The odds are certainly stacked up against the Dirty Weekender, but there is another angle that people in Ayrshire should consider here.
That angle is that if the Dirty Weekender suffers a devastating blow with people failing to provide enough support then it could be the death knell for events of this stature in Ayrshire.

It’s been a long and always uphill trial for MFM to get from its humble roots to where it is now, and all that work hangs in the balance.

Those of us who live in Ayrshire may be about to lose something far more than just a weekend of live music here.
If it goes then so does the 2015 event, and with that hammer blow it will stand as an warning that may put off others trying to make a positive change to.

Do we want that?

I don’t, but I’m bracing myself for not getting what I want.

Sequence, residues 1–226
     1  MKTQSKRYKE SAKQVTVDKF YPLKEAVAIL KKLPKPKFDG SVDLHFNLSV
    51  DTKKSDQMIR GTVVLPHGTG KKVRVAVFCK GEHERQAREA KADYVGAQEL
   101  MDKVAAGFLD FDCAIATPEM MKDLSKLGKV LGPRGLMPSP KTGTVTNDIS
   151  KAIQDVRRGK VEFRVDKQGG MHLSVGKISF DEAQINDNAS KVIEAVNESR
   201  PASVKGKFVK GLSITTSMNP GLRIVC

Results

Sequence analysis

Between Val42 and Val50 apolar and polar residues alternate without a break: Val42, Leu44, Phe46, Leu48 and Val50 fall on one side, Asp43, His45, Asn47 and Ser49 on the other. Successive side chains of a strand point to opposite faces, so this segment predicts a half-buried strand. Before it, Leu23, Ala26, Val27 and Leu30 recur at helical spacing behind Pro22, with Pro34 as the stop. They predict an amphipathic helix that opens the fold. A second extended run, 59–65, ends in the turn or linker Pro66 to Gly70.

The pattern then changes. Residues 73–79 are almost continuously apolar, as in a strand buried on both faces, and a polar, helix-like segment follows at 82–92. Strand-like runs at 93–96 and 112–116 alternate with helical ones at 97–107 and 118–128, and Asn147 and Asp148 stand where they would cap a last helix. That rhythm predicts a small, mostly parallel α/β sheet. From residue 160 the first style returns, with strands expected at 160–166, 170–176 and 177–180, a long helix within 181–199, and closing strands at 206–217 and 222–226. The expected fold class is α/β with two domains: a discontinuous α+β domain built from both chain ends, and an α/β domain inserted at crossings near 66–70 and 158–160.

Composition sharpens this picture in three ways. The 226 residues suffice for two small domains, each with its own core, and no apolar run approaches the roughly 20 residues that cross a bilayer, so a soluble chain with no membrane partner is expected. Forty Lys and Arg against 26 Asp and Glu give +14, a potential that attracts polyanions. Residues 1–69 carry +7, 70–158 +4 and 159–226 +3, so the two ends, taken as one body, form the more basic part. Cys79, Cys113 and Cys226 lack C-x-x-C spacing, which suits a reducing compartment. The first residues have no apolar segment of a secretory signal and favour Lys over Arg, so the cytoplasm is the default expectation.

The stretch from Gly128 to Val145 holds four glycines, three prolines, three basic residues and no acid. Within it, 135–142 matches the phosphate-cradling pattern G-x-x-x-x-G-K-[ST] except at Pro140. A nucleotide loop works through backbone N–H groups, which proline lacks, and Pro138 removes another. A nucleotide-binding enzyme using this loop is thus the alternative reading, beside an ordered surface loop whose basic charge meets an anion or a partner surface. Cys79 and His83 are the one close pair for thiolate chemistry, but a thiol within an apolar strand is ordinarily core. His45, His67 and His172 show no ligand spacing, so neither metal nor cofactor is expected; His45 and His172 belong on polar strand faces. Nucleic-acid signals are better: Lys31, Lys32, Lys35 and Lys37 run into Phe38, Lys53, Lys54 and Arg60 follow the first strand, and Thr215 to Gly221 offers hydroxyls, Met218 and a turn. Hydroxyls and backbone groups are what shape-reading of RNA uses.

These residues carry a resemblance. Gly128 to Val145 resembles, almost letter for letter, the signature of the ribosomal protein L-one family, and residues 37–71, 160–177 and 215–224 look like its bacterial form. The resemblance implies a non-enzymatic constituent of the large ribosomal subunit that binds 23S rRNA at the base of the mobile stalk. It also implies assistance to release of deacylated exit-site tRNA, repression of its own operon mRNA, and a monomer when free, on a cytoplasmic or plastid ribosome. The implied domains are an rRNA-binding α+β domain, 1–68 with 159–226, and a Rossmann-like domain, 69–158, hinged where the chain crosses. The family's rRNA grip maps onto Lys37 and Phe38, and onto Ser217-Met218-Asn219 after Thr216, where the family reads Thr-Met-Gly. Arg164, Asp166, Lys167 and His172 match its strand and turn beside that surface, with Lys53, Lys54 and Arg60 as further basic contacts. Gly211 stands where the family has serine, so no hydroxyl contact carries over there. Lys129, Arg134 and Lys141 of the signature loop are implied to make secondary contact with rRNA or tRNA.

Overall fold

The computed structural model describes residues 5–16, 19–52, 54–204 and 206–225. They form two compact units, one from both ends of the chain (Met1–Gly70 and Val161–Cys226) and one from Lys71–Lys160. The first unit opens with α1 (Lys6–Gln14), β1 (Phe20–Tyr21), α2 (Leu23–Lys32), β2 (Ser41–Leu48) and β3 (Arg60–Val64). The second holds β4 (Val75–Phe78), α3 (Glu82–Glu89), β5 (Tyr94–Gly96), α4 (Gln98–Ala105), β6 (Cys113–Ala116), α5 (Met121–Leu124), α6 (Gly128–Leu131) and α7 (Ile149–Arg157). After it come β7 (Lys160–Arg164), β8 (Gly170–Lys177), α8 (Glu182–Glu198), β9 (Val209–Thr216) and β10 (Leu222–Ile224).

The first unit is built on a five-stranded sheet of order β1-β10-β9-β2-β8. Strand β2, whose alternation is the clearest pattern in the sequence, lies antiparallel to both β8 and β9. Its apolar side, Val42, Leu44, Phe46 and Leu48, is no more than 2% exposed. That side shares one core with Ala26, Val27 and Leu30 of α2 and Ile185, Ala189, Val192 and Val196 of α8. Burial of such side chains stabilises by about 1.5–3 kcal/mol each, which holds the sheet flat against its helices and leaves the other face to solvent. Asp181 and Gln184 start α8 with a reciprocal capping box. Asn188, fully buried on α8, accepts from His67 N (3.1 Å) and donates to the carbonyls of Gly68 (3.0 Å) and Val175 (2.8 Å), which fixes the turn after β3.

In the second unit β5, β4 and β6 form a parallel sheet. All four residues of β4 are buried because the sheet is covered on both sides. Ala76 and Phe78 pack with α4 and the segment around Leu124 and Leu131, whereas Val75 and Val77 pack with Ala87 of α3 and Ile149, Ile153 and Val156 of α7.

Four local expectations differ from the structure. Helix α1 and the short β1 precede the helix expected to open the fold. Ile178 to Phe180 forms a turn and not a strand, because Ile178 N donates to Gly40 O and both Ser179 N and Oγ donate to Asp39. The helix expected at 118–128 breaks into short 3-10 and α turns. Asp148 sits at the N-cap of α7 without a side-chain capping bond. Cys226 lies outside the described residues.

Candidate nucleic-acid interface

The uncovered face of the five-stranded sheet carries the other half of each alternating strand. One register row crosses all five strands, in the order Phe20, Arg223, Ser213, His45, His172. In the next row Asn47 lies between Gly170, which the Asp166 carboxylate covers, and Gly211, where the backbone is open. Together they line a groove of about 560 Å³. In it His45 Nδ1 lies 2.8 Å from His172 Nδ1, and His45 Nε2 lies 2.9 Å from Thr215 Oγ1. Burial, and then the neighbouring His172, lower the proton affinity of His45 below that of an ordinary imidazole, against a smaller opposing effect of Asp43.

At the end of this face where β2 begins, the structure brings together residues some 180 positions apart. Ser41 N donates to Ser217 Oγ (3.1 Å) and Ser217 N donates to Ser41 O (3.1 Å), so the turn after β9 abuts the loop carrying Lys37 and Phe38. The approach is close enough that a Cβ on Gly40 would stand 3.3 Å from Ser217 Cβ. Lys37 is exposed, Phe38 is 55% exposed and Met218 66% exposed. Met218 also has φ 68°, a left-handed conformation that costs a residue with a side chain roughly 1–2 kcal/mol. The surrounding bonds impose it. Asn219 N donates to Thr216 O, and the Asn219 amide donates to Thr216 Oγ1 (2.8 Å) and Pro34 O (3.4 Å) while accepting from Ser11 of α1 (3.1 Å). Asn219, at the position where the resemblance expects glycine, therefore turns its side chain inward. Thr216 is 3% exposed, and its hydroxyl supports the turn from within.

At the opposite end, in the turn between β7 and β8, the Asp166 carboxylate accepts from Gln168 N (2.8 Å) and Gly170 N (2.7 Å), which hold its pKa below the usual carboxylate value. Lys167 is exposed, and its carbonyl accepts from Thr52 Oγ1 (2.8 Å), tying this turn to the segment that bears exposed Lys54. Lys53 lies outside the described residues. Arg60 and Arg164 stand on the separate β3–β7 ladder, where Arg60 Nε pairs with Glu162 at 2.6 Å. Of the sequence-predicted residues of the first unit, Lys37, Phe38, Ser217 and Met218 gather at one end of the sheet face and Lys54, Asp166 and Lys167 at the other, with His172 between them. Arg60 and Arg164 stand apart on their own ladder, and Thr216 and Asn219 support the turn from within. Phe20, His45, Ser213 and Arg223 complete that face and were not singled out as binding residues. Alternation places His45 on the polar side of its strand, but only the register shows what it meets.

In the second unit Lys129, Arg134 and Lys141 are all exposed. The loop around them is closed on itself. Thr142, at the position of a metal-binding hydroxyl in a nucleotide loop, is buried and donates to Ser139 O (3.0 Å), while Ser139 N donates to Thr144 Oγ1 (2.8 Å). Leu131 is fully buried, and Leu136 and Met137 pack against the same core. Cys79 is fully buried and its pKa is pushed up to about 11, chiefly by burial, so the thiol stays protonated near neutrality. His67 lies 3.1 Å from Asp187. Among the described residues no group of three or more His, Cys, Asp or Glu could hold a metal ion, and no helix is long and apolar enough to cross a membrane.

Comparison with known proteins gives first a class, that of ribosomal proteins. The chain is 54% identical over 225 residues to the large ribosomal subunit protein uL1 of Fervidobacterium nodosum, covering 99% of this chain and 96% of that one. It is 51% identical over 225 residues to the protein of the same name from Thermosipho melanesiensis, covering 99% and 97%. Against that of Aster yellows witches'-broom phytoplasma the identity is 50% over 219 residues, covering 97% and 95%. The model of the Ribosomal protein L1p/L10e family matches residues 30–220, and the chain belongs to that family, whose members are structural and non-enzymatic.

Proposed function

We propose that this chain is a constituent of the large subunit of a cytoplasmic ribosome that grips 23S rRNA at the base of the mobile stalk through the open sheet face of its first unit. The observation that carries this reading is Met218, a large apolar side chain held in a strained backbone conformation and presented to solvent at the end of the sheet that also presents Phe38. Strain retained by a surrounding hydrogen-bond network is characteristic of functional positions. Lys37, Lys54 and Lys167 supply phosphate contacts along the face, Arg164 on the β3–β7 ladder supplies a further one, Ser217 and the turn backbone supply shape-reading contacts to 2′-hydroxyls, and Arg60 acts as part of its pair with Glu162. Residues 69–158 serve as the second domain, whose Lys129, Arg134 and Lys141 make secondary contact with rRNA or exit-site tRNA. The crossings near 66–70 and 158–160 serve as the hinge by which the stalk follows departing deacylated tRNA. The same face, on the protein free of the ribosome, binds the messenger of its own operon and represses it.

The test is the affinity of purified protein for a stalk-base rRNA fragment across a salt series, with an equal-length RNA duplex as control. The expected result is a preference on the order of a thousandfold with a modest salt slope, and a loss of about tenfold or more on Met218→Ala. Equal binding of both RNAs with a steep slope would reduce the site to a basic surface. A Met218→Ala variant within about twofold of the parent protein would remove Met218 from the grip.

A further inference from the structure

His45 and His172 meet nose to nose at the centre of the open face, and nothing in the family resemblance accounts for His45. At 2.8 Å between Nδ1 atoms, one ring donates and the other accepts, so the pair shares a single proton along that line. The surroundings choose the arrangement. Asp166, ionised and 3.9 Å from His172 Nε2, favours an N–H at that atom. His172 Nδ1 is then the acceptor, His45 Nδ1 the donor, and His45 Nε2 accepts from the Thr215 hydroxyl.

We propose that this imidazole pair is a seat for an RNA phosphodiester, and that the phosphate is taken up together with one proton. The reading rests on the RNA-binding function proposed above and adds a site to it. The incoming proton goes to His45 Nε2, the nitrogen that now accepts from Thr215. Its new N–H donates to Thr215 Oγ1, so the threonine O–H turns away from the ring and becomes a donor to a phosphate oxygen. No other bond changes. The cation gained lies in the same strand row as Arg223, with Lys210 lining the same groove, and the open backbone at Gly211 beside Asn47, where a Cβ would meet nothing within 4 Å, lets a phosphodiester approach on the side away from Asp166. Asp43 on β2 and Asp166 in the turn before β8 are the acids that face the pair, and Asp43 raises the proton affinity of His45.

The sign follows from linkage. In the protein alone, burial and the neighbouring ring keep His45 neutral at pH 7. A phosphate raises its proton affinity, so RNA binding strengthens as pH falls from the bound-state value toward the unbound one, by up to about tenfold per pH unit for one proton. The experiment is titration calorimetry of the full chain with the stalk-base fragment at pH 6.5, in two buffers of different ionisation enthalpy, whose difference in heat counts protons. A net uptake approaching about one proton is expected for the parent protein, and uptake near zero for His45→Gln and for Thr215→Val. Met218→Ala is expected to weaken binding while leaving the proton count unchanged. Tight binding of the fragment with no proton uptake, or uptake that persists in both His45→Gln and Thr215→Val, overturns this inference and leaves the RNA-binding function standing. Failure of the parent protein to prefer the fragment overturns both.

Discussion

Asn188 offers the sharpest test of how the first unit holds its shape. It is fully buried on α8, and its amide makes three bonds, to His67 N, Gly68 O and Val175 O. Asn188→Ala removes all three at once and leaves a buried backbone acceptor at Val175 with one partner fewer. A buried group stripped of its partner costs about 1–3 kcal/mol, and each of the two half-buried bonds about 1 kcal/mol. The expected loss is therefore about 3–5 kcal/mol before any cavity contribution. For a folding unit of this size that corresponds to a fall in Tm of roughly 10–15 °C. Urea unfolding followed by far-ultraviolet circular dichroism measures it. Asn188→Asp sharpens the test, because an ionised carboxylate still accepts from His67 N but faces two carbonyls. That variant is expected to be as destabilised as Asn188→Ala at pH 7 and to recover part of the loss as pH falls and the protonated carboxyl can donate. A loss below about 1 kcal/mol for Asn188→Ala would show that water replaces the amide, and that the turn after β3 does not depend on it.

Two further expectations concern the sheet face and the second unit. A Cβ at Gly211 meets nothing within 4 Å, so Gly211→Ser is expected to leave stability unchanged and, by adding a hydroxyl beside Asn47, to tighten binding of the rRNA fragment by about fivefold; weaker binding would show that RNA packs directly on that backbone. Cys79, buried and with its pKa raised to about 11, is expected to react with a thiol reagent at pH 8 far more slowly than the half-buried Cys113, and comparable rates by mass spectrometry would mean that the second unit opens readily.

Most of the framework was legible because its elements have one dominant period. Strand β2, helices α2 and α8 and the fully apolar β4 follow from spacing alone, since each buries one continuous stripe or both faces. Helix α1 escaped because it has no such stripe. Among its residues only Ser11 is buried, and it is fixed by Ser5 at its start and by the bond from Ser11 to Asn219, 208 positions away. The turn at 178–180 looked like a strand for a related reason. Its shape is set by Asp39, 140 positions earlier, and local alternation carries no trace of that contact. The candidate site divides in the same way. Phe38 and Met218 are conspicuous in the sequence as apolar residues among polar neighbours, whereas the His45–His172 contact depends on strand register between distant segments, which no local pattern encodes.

Only the support of the people of Ayrshire can really turn this around.
I think it’s worth making the effort, if only to secure a future for live music in Ayrshire, but the reality is that it is down to you.
Even if Kasabian, Prince or Radio One weekend tickets have been secured it is worth trying to get to something so that we can all be part of sticking one in the eye of Goliath.


  1. As someone who is also promoting a festival in Irvine on the same weekend it us concerning. Talking to Mainy the other day regarding the Freckfest HAC gigs having poor turnouts doesn't make for good news.
    Established big name events are always going to win sadly. I'm happy to take the dregs but is it just me who notices everybody and their granny from Ayrshire seem to get to TITP, Big Weekend, Murrayfield, Hampden and even Stone Roses in Manchester? These people hardly ever support local music.

    1. Johnny, who are you referring to as "the dregs" ?. With that attitude it is no wonder people don't support your gigs.

    2. I think it is very clear that Johnny used the term dregs as in the context of of the market place.
      He could have said the crumbs from the table.
      It wasn't a slur on those who attend the shows, unless of course it was chosen to be taken that way.

      Interesting that your profile was created this month and you have read only one article.
      I used to get comments like this often.